Printing in New Jersey, 1754-1800: A Descriptive Bibliography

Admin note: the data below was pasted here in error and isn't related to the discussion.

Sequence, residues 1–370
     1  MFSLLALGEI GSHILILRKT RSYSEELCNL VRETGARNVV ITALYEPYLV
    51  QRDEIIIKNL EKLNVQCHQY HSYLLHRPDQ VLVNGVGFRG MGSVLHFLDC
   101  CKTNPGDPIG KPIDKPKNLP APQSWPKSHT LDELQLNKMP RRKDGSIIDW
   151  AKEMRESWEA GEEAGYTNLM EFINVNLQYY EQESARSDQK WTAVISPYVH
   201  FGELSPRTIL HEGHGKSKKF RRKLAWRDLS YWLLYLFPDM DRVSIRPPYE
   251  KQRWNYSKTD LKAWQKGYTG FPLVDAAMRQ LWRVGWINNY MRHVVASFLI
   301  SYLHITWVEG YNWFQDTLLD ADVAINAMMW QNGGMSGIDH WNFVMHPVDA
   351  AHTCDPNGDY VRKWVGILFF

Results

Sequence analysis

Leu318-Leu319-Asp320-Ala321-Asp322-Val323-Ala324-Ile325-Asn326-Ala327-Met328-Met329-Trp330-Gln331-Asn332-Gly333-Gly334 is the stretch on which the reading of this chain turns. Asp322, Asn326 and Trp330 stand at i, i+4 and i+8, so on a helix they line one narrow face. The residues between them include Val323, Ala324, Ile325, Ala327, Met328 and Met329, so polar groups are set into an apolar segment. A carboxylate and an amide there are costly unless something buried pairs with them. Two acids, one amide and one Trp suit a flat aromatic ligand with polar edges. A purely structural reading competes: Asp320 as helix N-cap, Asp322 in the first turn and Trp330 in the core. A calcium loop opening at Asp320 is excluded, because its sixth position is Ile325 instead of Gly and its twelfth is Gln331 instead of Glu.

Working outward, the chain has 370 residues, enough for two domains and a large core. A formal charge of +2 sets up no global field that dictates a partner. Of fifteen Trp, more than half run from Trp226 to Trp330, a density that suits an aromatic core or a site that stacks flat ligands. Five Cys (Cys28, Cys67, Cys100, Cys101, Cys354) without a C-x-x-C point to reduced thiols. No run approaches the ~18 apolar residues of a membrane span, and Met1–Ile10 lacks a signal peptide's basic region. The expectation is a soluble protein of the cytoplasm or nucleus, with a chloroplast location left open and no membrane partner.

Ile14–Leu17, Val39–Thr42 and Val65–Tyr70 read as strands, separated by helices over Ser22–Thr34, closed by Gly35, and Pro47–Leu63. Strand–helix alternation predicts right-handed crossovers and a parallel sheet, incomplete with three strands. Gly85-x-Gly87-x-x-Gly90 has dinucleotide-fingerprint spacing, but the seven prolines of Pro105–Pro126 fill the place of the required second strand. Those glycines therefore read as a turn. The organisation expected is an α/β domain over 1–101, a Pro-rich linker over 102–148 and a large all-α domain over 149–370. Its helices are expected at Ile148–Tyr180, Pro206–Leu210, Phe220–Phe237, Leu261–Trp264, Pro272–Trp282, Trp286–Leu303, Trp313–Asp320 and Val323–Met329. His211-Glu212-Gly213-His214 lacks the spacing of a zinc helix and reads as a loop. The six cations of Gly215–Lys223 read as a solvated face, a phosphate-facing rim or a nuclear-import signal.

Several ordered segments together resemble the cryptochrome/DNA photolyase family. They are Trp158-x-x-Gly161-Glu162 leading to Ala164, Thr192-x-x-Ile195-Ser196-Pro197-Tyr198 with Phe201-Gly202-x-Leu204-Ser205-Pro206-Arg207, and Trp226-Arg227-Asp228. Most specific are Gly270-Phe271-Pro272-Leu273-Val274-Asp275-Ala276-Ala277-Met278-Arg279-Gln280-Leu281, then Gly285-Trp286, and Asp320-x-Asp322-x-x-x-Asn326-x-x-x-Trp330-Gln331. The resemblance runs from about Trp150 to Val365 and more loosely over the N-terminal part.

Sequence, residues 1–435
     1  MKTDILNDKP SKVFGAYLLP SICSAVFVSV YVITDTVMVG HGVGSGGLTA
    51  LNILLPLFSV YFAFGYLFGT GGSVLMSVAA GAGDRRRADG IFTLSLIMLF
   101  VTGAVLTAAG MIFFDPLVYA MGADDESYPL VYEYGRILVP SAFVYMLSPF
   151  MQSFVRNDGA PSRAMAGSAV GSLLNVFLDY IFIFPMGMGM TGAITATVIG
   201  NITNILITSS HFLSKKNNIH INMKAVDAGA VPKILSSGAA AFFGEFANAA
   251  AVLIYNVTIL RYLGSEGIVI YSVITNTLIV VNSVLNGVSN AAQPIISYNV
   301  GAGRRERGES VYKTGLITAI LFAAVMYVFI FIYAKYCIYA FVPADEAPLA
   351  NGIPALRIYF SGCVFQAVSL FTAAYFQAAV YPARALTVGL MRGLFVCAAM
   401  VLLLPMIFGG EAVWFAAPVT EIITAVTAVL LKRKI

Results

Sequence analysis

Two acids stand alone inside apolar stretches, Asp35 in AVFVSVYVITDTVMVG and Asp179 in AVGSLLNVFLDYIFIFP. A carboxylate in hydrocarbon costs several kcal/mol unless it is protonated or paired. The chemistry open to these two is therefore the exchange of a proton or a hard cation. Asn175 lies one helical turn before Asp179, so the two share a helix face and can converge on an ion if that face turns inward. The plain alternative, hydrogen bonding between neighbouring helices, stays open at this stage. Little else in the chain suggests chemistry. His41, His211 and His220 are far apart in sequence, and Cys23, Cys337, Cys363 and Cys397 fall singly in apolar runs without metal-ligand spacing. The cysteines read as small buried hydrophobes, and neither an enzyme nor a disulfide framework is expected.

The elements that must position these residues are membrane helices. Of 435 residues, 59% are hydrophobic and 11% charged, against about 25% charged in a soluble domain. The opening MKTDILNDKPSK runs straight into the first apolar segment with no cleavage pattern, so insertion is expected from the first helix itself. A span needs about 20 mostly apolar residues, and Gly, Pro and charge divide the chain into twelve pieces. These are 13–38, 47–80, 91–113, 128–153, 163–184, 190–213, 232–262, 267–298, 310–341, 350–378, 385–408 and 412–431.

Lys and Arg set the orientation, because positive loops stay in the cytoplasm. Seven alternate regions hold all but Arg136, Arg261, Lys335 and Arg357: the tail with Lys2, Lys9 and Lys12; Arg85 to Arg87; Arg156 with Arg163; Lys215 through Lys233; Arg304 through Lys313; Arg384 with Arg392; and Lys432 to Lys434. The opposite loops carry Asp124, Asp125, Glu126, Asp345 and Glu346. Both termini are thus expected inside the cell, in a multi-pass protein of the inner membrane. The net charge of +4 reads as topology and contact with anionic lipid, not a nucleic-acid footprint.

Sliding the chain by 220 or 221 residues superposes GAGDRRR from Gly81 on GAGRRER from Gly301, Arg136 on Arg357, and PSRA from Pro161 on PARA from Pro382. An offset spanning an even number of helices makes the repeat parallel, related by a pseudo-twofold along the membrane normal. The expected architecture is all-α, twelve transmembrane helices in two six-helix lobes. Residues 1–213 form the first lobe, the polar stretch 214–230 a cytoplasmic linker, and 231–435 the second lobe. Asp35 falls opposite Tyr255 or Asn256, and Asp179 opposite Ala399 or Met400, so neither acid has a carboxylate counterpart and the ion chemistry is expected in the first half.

FELCONE, JOSEPH J. Printing in New Jersey, 1754-1800: A Descriptive Bibliography. Worcester: American Antiquarian Society, 2012. 4to. lii, 487,  p. Cloth. Dust jacket. New. The first printing office in New Jersey was opened by James Parker in Woodbridge in 1754. At Parker's death in 1770, Quaker Isaac Collins moved from Philadelphia to Burlington and established the colony's second press. At the conclusion of his military service, Shepard Kollock set up the third press at Chatham in early 1779. With the return to peace in the early 1780s, printing expanded rapidly, and by 1790 New Jerseyans had seen the establishment, and in some cases rapid demise, of almost a dozen printing offices. In the decade of the 1790s, printing spread throughout the state, from Sussex County to Cumberland County, and by the end of the century, forty individuals had either been proprietors or partners in New Jersey printing offices. This bibliography records the books, pamphlets, magazines, newspapers, and broadsides issued from each of these presses. Part One treats all printing known with certainty to have come from an eighteenth-century New Jersey press. Each entry provides the full title, format, collation, pagination, expanded contents, paper and watermarks, type size, binding, references, inventory of copies located, and copy-specific notes describing each located copy. Finally, each entry concludes with extensive notes (which, in the case of important works such Smith's history of New Jersey, the Collins Bible, and Paterson's laws, &c., run to several pages in length). Part Two records in detail items that may have been printed in New Jersey but for which insufficient documentation has been found to permit a clear attribution to a New Jersey press. Most are broadsides and small pamphlets that pertain to New Jersey but do not bear a printer's imprint. Part Three contains items incorrectly assigned to a New Jersey press by earlier bibliographers. In each case the misattribution is explained and the item is removed from the New Jersey printing canon. Following the bibliography are three appendixes. The first consists of tables listing the alphabetical, chronological, and geographical distribution of printing offices in eighteenth-century New Jersey. The second is a New Jerse.